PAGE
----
Cirque du Soleil’s ‘Toruk.’ (Photo: Errisson Lawrence)
by Lauren Emily Whalen
Cirque du Soleil does nothing halfway.
Founded by a group of Montreal street performers in 1984, the troupe has expanded from a simple traveling showcase celebrating Canada’s founding to a host of resident shows in Las Vegas and high-tech productions that tour the United States, Europe and Asia. Cirque celebrates everything that makes circus, well, circus, from fire-juggling and object manipulation to death-defying stunts on fabric, pole and specially-constructed apparati. It’s enough to make me, a slow-learning amateur aerialist who’s seen several live Cirque shows, swoon.
Naturally, Cirque isn’t touring at this time, but several recorded productions are available to stream on BroadwayHD, including 2015’s Toruk: The First Flight. The touring show, which premiered in Cirque’s home city of Montreal, is a unique exploration into the Avatar universe, originally created by filmmaker James Cameron in his award-winning 2009 film. (A sequel is projected for 2021 release.) Additionally, BroadwayHD features Toruk Takes Flight, a short but informative documentary about the making of the Cirque show, with interviews from Cirque staff, performers and Cameron.
If you’re like me and haven’t seen Avatar, take comfort: Toruk isn’t a direct adaptation of the film. Rather than try to translate Cameron’s movie to the stage – a challenge anyone who knows Broadway is familiar with – Cirque chose to run with the film’s setting, the fictional moon Pandora. Three thousand years before the events of Avatar take place, the Na’vi population is in crisis: a prophecy has foretold that a volcano will soon destroy their beloved tree of life. Best friends Ralu and Entu, young men on the verge of adulthood, embark on a journey to summon the Toruk, a beautiful but dangerous winged creature who is the Na’vi’s only hope to save the tree, and the planet.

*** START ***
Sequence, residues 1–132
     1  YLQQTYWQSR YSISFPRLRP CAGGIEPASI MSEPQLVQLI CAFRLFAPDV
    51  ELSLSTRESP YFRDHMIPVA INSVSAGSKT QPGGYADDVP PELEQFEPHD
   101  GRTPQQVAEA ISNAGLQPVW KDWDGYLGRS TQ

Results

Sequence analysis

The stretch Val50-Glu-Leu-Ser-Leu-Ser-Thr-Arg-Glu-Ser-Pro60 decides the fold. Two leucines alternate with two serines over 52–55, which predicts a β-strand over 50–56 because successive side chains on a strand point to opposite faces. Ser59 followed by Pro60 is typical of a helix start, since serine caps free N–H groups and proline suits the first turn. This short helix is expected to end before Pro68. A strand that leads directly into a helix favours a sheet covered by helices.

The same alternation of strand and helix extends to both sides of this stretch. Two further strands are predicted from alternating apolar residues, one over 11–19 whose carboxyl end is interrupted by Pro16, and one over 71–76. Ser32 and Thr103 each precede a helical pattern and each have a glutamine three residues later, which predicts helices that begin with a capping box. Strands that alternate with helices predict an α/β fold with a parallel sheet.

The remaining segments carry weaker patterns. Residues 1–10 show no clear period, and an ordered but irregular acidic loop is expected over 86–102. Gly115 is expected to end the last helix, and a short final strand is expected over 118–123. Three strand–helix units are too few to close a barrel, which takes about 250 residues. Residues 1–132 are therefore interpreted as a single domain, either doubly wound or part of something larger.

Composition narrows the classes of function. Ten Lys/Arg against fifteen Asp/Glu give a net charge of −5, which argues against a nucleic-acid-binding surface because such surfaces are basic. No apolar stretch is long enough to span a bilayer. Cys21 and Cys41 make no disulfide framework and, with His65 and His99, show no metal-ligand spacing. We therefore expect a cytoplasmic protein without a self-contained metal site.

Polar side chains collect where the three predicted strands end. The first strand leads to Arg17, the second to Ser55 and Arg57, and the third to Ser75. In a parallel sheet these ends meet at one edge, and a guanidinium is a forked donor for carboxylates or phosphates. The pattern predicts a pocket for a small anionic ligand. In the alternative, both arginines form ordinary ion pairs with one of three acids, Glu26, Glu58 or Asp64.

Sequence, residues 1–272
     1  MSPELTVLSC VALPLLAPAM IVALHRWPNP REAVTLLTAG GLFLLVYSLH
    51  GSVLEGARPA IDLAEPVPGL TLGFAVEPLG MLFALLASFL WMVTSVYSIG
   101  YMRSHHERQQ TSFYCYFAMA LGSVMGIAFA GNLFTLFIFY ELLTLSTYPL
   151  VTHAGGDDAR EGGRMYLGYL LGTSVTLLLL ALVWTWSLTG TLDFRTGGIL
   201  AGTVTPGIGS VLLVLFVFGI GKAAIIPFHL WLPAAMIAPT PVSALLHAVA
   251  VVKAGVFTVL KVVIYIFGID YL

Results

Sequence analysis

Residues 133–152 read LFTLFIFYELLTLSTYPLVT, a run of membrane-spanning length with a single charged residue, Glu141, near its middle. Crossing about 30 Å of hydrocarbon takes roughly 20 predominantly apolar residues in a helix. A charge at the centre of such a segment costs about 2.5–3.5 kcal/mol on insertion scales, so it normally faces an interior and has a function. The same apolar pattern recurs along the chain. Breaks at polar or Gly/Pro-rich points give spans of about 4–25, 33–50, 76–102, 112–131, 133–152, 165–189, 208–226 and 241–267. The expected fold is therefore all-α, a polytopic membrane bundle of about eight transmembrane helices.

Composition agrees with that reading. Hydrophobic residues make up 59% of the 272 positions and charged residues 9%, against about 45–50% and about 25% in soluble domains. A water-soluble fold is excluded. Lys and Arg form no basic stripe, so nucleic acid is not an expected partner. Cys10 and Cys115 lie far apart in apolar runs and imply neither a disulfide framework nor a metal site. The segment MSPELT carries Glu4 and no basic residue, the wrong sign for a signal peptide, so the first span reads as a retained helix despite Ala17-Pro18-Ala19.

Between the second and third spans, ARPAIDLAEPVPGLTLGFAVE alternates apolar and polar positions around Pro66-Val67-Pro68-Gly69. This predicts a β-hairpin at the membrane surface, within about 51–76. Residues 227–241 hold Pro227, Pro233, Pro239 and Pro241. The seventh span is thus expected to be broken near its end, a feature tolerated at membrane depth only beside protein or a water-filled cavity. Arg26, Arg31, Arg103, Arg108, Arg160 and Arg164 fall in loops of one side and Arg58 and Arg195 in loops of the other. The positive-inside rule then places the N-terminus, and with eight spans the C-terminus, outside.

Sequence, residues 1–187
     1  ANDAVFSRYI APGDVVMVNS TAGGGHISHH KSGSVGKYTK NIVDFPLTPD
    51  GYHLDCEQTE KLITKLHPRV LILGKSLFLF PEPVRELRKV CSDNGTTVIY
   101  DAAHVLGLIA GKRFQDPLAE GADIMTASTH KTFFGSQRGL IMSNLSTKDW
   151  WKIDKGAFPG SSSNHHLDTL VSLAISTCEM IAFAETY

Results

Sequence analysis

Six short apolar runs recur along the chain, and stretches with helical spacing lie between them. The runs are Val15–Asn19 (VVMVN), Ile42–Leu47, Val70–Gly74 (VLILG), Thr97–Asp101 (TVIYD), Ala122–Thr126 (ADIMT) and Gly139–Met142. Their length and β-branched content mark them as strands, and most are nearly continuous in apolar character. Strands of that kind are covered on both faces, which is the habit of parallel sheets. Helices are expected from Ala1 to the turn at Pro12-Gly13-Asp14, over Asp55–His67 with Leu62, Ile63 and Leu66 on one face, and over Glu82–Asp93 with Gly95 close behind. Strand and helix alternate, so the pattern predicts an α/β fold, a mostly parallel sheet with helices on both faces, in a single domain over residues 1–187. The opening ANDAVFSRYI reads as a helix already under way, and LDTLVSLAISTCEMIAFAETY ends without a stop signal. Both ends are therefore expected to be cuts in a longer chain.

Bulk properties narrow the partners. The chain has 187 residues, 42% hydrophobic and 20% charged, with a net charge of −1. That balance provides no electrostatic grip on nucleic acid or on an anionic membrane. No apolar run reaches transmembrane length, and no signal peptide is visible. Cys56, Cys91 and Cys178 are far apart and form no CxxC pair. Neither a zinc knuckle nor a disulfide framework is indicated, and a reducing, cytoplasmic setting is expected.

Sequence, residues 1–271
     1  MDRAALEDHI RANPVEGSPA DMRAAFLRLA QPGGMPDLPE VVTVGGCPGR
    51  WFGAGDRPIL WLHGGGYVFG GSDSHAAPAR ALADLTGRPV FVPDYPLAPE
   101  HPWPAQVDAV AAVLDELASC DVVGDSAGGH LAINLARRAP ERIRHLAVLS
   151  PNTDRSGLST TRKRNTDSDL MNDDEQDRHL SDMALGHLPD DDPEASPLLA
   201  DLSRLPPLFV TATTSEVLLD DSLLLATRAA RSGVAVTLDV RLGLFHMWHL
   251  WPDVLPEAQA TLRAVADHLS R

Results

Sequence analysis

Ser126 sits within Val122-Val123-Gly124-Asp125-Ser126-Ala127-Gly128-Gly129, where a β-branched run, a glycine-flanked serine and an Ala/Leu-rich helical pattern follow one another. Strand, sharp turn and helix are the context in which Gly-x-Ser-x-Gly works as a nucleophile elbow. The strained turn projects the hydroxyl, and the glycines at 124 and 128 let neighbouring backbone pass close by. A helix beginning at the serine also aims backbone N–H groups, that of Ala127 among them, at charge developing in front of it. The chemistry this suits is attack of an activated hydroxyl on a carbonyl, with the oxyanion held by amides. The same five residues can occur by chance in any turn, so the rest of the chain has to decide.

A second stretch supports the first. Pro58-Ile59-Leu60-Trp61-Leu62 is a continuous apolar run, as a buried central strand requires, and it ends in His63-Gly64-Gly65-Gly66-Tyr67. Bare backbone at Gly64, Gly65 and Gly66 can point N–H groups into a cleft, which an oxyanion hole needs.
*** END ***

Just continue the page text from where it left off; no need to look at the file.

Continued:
Toruk Takes Flight offers a quick and dirty dive into the mechanics of a Cirque production: the elaborate puppetry of the Toruk and various other animals of Pandora, the artist who devises a physical language for the Na’vi and the Ph.D. who creates almost 2,000 words of Na’vi for the show’s dialogue, and even the hiccups of tech week when actor Raymond O’Neill, whose resounding timbre results in beautiful narration, frets about a potentially dangerous entrance.
The documentary provides a fun prelude to watching Toruk and leads to a deeper appreciation of the vividly hued projections and gasp-inducing special effects, as well as the feats of physical strength in tumbling, aerial straps and silks, Spanish web (a very strong type of rope) and Chinese pole. As Cameron remarks in the documentary, Cirque du Soleil’s interpretation is almost ballet-like: Toruk: The First Flight emanates pure grace from the colorful opening sequence to the final, quiet revelation.